I wrote this story a couple of years ago. It was meant to be a collaborate of a couple of folks I know and me. It didn't quite work out that way. After furiously complaining about the text being written in first person, one member decided to write it in a NC-17 manner, and the other guy just flat out couldn't write first person, and these guys have been praised as creative geniuses. I am good at beginning stories, but I have problems with the good parts, so I wrote about three chapters and gave up. If I am encouraged, I do have some plans for this story, but if this story doesn't do well, I won't continue it.

The other comment to be made was what brought this story about. James has put forth an effort to try and teach me about D&D. I confuse him, and likewise, because I know more about folklore than I do D&D. (Let's put it this way, his idea of a Kobold and mine differ quite a bit, and he was in the process of teaching me. Well, I didn't know they were a communal critter!) So, in an effort to teach me a few things, he loaned me a book about the critters, and I came up with some strange ideas by reading descriptions. After a couple dumb questions and the creation of "Quest for the Purple Unicorn", this piece was written. Expect humor in a twisted sort of way, although this was not meant to be a humorous story.

Chapter 1: The Awakening

The winter festival of Jeral had managed to escape unscathed by the oncoming first snow of the season that the heavy brooding clouds spoke of. The weather had been unseasonably kind this year, and the grass remained mostly green and a good portion of the trees continued to hang their leaves. It was uncommon for the Winter Festival not to have a couple of inches of snow clinging to the ground. It seemed more like mid-autumn than the fifth day of winter. The Winter Festival always started on the first day of winter and ended on the fifth day. It was the first celebration before the true fury of winter set in. So, all the people and merchants took in all of the cheer they possibly could get (mostly by way of the heady mead at the "The Happy Goose" tavern, which was known for the most potent brew, if not the best tasting.) This cheer had to get them through the four months until the Year's Beginning Festival was held. All sentient being should do like the bears and sleep in until spring thaw.

The journey back to Maykigs would take two days and a night by horse. Something of speed was needed to stay ahead of the coming snow. Al visitors to Jeral were in a bustle to pack their things and get to their homes. They acted like snow was lethal. Yet, the snow would slow down the progress home to Maykigs, that was thirty miles straight kick South-East from Jeral, but a nameless small woodland stood directly in the middle of the path. No one treaded there for the unknown terror that walked abroad through its quiet well kept darkness there, and the woods and the darkness had been there for countless generations beyond living memory. No one knew why the woods was forbidden or what lurked there. All the villagers knew was, whatever it was, it hungered for human flesh and souls. The mystery was soon to be solved.

Elendi decided it was time to find out what the fuss was about. She was quick to point out that the woodland was a shortcut that would cut off a good twenty miles off the trip home, and there would be no need to stay at the "Dancing Boar" inn at Byrill, and thus paying out money for lodging. My sister knew me all too well.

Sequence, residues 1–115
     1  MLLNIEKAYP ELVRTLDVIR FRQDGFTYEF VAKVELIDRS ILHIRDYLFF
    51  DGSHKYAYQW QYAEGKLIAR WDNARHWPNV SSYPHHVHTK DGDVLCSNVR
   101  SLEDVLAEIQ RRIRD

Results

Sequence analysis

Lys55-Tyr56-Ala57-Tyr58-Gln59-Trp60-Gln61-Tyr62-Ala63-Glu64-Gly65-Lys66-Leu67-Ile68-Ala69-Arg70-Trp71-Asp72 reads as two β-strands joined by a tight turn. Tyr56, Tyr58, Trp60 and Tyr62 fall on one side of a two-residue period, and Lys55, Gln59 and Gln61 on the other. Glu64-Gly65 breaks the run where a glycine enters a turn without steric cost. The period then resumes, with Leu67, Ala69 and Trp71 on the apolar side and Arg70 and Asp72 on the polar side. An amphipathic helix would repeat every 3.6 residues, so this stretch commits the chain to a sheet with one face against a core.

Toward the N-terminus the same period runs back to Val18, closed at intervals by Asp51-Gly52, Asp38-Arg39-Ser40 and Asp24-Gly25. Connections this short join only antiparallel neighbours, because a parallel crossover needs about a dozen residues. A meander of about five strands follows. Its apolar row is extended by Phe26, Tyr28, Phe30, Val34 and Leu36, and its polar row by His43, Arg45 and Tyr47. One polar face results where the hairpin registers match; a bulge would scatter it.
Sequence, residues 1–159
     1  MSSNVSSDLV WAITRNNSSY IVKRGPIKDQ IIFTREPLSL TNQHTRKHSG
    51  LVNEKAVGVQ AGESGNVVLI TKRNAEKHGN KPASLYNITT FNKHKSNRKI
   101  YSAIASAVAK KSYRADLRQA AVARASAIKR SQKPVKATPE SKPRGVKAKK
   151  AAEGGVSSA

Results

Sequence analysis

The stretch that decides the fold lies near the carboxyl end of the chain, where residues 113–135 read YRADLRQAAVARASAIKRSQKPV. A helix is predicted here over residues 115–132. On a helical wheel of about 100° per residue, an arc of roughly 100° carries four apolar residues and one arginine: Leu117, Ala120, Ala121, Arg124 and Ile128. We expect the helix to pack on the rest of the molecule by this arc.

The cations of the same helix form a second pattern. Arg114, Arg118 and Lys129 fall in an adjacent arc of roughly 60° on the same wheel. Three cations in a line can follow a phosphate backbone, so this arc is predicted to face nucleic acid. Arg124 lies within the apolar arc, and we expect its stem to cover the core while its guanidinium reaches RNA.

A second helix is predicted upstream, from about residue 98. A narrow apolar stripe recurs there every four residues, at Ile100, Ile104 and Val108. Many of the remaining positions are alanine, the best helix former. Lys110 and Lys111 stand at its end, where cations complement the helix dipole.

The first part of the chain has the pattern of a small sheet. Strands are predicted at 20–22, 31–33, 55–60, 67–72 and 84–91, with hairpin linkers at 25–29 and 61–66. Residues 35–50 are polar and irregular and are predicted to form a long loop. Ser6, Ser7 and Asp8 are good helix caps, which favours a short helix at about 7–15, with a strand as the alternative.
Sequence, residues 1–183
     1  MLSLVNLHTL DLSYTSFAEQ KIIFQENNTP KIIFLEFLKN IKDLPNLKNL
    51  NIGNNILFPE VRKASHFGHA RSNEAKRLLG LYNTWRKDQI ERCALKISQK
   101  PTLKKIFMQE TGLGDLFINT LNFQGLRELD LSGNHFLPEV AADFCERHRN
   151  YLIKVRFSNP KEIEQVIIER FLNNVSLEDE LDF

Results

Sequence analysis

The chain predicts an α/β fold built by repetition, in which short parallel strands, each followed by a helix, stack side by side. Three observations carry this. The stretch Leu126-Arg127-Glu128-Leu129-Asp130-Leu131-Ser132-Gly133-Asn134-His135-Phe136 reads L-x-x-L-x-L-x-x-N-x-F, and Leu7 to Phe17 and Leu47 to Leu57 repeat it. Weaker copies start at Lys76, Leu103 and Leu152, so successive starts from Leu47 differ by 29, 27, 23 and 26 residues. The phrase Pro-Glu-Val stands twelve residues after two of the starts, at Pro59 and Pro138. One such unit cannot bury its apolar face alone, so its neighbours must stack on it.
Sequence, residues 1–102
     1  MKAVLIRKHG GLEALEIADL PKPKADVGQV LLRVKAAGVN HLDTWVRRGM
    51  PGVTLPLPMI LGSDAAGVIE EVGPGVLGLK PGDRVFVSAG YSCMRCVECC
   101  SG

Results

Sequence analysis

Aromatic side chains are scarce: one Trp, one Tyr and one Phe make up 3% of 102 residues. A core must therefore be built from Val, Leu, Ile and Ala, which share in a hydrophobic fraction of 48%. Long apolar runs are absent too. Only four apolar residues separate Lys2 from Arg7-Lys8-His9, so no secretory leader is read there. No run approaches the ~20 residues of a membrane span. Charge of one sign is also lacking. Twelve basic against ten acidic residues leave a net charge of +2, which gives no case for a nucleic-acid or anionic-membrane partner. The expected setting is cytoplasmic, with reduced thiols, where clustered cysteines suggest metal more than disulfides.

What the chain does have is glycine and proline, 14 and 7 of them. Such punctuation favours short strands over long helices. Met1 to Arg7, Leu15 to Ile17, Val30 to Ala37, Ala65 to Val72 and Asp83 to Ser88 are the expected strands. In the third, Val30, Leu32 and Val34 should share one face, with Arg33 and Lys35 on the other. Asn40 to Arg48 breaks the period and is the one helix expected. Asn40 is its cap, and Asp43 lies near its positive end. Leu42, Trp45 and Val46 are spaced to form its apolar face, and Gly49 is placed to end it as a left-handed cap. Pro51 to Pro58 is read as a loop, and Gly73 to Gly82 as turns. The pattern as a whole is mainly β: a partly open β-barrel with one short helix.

Elendi and I have made this journey several times in the last two years. Elendi was talented in the art of woodcutting. She often sold many pieces at these festivals. If the folks were not interested in the intricacy of her work, they found her charming and pretty, and they bought from her. I was able to fetch a good price for my services in the security. We were able to be comfortable, even during and after this festival. I also picked up a couple of silver coins for escorting Inaciga from and to Jeral. the escort was not necessary for him, but we both profited from it. He got to enjoy our company (especially Elendi's company) and I got the silver in my pocket.

Inaciga was a young magician of great talent and had an adoring eye for my sister. The villagers of both Jeral and Maykigs agreed that there was more to this blonde blue eyes magician than he would easily let be known. Although I pretended otherwise and tried to convince myself that he was only a lovesick puppy for my sister, I knew better. No one said much about him. He was not really welcomed in either village. he would only smile and shrug off their cruelties that were spoken about him, and he never returned their retorts. Inaciga's mother was a total mystery. She was late in years when Inaciga was born, and no one ever seemed to have met his father. Inaciga's family lived on the far reaches of Jeral near the swamplands. Rumor spoke of Inaciga's mother making unholy pacts with the swamp demons, and the whole family was deep into witchcraft. Nothing was ever confirmed on those rumors. I was of the opinion, what of it. This world was full of magic and magical creatures, both good and evil. So, what was the big deal of using some of the natural magic of this world. About five years ago, Inaciga's mother disappeared. Some say that she wandered off in the swamp to die. Others say she conjured up something nasty, that took her away screaming into another dimension. I, personally, think that one of the villagers of Maykigs kidnapped her and brutally killed her, then fed her remains to one of the many swamp creatures, but that was one of my many opinions of the situation. Whatever the case, he was 16 when she disappeared, and he did better than us at these festivals with his silly parlor tricks for the children of Jeral.